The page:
EC Vice President Siim Kallas responsible for Transport said: "Developing innovative and alternative fuels is an obvious way to make Europe's economy more resource efficient, to reduce our overdependence on oil and develop a transport industry which is ready to respond to the demands of the 21st century. Between them, China and the US plan to have more than 6 million electric vehicles on the road by 2020. This is major opportunity for Europe to establish a strong position in a fast growing global market."
The Commission's proposed binding targets for a minimum level of infrastructure, ie recharging and refuelling stations for clean fuels, as well as common EU-wide standards for equipment, will provide industry, the public sector and consumers with a clear and coherent vision for alternative fuel transport systems.
For the UK this will mean an increase from 703 electric charging points (2011 figures) to 122,000 by 2020.
The picture across Europe varies greatly with the number of charging points as high as 1,937 in Germany, the Netherlands (1,700), France, (1,600) down to just a few or in some countries, none at all.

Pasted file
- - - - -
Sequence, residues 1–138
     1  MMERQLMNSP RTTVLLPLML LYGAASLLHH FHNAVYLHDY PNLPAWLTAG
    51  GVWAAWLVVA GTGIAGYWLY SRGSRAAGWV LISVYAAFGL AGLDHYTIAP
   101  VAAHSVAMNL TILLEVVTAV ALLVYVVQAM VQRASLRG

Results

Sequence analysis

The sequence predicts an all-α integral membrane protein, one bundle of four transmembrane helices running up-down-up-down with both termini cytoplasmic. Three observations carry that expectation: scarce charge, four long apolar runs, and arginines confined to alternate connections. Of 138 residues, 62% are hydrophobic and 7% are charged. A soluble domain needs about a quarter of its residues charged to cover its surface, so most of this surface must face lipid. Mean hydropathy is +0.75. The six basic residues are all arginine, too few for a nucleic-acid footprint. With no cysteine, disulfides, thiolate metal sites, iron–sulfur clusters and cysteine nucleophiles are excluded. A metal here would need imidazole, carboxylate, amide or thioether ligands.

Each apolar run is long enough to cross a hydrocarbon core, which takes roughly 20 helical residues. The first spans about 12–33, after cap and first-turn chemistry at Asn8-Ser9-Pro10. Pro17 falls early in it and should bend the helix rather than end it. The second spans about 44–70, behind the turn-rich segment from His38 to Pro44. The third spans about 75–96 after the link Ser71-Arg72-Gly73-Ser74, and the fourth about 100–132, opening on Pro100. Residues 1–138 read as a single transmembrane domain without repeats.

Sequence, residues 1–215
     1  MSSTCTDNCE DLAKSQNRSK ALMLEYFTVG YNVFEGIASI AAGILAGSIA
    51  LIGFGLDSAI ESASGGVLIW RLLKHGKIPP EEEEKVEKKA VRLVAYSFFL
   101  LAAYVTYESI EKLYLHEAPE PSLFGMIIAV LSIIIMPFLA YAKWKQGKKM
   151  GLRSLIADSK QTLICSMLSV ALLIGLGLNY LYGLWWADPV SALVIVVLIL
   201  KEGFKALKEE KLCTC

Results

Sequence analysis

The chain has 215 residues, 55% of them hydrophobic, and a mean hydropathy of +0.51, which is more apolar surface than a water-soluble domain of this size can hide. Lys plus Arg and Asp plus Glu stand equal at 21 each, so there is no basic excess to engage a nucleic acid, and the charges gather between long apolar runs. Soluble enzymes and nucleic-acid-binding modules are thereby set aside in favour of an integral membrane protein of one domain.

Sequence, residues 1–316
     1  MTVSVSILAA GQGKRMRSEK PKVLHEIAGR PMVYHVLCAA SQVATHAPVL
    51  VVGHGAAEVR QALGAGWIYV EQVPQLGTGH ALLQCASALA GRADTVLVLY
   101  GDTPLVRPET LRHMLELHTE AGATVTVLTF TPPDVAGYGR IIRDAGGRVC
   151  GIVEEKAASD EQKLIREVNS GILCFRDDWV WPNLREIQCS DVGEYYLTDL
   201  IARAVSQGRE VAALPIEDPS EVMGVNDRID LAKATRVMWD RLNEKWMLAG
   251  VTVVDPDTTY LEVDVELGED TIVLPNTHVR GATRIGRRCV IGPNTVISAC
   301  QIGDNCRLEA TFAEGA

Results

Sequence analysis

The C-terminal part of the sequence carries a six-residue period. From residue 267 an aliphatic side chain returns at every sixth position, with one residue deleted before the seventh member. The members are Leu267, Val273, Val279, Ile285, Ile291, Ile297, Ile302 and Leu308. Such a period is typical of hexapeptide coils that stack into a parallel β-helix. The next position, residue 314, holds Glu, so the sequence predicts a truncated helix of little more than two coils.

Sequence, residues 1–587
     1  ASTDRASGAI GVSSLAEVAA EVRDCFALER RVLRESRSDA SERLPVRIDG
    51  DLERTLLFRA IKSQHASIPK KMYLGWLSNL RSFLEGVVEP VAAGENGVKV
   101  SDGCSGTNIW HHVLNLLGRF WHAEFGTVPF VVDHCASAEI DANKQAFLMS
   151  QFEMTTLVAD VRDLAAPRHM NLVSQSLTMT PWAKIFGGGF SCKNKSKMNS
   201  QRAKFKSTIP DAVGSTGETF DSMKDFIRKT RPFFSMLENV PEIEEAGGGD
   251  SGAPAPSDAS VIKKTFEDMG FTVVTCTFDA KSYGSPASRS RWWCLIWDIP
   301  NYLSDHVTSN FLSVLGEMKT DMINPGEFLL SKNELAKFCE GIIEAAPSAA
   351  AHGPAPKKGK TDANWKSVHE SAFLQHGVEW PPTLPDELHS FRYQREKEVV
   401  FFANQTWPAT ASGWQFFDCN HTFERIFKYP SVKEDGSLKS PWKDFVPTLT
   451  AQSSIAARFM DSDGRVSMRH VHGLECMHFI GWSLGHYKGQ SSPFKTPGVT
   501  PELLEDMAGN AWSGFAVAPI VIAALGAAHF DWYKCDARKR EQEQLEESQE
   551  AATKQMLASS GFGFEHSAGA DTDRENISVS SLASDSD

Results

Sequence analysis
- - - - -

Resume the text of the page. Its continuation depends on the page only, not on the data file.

The EU-wide common plug will be "Type 2" as it is the most used plug in the EU today.
It is expected that the measures can be introduced without the use of public money by changing local regulations to encourage private sector investment and behaviour. For example: stipulating in planning requirements that a new supermarket should offer a certain number of recharging points.
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Please note: all amounts expressed in sterling are for information purposes only.